No3 [Cinema] A well deserved tribute to Shindo and Yoshimura
© BFI Southbank
Two great figures of Japan’s post-war cinema will be celebrated in an exhibition at the BFI Southbank, running until the 30th of July. It will be a good opportunity to discover their best movies.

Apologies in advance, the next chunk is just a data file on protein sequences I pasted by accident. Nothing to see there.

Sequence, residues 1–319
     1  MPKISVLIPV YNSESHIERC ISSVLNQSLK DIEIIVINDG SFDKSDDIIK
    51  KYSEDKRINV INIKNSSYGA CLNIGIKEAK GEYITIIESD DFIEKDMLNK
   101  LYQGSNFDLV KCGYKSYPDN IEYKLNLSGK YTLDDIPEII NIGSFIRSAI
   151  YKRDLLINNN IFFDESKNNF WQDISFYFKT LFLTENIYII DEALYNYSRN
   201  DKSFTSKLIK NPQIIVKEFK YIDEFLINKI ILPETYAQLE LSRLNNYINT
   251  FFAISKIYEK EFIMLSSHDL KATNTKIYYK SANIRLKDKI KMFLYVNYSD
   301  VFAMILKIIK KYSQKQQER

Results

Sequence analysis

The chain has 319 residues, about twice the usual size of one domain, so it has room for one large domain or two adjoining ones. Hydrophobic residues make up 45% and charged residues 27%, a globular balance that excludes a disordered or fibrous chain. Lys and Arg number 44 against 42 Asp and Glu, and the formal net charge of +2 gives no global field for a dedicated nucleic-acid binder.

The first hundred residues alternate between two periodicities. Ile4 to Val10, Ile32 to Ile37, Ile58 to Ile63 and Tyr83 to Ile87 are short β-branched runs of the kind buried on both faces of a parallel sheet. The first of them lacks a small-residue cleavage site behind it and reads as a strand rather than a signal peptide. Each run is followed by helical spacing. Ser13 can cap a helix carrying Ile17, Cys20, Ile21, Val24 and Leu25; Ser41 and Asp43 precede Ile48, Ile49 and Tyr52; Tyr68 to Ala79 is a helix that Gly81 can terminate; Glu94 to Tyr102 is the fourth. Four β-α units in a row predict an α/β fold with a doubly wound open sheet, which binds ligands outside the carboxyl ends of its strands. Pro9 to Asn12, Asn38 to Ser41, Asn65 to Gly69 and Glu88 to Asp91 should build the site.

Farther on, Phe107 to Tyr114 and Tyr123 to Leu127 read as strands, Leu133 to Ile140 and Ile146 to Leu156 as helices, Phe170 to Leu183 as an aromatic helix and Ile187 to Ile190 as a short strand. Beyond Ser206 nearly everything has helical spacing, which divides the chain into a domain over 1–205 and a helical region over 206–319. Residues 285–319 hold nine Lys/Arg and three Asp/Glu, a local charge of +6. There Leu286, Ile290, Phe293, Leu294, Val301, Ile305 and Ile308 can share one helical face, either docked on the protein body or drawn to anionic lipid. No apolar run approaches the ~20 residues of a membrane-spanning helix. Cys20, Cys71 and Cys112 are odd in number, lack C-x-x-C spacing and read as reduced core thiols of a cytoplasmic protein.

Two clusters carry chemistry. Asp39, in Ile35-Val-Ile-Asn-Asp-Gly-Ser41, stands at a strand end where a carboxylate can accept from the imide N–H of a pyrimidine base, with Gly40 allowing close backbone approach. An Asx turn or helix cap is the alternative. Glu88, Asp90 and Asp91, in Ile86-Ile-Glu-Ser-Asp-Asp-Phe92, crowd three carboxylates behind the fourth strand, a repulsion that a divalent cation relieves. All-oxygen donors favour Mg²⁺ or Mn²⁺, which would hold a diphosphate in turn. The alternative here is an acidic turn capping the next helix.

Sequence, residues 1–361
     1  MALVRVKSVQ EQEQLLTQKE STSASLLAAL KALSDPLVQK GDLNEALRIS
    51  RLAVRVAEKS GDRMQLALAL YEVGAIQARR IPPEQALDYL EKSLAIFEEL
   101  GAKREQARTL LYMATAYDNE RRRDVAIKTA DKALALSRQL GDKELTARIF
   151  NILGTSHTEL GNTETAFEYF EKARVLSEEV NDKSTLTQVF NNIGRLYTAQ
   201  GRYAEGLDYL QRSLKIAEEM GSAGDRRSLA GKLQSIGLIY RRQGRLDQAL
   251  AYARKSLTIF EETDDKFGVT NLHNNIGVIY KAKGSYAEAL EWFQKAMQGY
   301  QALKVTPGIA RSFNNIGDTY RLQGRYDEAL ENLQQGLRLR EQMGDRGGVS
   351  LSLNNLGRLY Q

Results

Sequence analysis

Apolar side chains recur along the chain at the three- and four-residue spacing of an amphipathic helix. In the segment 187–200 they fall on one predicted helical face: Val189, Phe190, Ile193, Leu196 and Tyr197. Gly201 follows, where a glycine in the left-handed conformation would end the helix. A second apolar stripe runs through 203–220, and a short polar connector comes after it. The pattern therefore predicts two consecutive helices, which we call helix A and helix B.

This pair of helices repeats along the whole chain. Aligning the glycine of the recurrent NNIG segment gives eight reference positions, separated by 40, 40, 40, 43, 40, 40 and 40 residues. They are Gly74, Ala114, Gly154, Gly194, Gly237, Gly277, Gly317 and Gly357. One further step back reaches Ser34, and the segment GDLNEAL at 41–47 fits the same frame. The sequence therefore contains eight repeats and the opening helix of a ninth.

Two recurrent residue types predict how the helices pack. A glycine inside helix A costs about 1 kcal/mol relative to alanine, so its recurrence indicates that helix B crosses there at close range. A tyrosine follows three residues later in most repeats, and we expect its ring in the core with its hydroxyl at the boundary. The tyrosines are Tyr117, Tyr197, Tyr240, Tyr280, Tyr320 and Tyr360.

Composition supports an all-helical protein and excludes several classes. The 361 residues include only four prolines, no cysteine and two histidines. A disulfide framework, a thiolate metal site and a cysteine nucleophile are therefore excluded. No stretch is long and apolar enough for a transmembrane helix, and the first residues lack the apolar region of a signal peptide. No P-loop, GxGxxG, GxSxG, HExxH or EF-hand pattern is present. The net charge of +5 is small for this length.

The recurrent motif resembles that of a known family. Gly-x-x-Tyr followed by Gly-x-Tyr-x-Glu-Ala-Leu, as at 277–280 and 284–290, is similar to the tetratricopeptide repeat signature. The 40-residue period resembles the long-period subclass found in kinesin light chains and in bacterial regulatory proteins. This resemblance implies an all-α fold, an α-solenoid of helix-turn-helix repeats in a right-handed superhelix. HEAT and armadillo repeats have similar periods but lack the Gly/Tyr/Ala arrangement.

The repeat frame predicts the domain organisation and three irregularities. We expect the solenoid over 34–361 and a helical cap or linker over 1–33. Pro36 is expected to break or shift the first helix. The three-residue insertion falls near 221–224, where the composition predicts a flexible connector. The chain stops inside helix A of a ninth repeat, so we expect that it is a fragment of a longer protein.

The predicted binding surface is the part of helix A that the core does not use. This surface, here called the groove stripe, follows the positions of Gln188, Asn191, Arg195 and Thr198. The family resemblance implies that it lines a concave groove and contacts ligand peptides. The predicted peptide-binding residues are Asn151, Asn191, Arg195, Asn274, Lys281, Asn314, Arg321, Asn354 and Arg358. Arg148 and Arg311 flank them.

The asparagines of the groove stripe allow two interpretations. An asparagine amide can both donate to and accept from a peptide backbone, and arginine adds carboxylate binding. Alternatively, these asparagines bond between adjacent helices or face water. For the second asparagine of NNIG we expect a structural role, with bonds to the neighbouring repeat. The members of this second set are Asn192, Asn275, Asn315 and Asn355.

In Great Britain at least, a memorable anniversary in the history of Japanese cinematography has been overlooked. Very little was said in France either about the 22nd of April 2012, a historical date that marked the 100th birthday of film director Shindo Kaneto! Alas, Shindo died shortly afterwards on the 29th of May. Although generally renowned only for being the director of a single movie, The Island (Hadaka no shima, 1960), since 1951 Shindo had actually directed over 45 movies, finishing with his last and most well known film, Ichimai no hagaki [Postcard], shown at the Tokyo festival in 2010. The Island has his fifteenth film and demonstrated his international recognition when it was unexpectedly awarded the best movie prize at the Moscow International Film Festival in 1961. The movie’s soundtrack by Hayashi Hikaru was also part of its success, a haunting melody in a film that is close to being totally silent. The director patiently and poetically describes the laborious everyday life of a family of peasants throughout the seasons, on an arid little island in the Inland Sea, using beautiful black and white pictures. The Island remains one of the outstanding classics of a great era in Japanese cinema and it was the turning point in Shindo’s career. In reality, he was already known to Western reviewers for one of his first movies, Children of Hiroshima (Gembaku no ko, 1952), in which he explicitly describes the fate of children after the atomic bomb was dropped over the city of his birth. Shindo started out as assistant to one of his great mentors, Mizoguchi Kenji and experienced all of post-war Japanese cinema, from Toho to Shintoho to toho, especially during the period when he was politically engaged and affiliated to the communist party. Shindo was the scriptwriter for a few dozen movies in the 1940s, most notably collaborations with his colleague Yoshimura Kozaburo with whom he would go on to later found an independent company called Kinda Eiga Kyokai (The modern film society) in 1950. This gave him the impetus to undertake independent productions and direct some socially engaged, polemical movies such as Shukuzu [Life of a Woman, 1953], Okami [Wolf, 1955] and Daigo Fukuryu maru [Lucky Dragon No 5, 1958]. The latter film became almost as well known as The Island and is a true story about a fishing boat that was irradiated after American nuclear tests on Bikini Atoll. Thanks to the BFI, you can now watch some of Shindo Kaneto and Yoshimura Kozaburo’s most beautiful movies. Less well known than his Kindai Eiga Kyokai partner, Yoshimura’s own career started in 1929 at the Shochiku company. His debut as a director dates back to 1934 but even after this he was still just assistant director to Ozu Yasujiro and Shimazu Yasujiro and it was the movie Danryu (Warm Current), released in 1939, which finally started to build his own reputation. His film Anjoke no butokai (The Ball at the Anjo House, 1947), starring famous actress HARA Setsuko, was awarded Best Film of the year in 1947 by the renowned film magazine Kinema Junpo and this film marked the beginning of Yoshimura’s long relationship with Shindo. Yoshimura directed over 60 movies in total, including Itsuwareru seiso (Clothes of Deception, 1951) and Yoru no Kawa (Undercurrent, 1956) and he too played a great part in post-war Japanese cinematography. We can only thank the BFI’s initiative, which allows us to watch and re-watch Shindo’s Onibaba (1964), Yabu no naka no kuroneko (Kuroneko, 1968), or Fukuro (The Owl, 2003) and Yoshimura’s Osaka monogatari (Osaka Story, 1957), Onna no saka (A Woman’s Uphill Slope, 1960), and Echizen take ningyo (Bamboo Doll of Echizen, 1963) . This is one season not to be missed!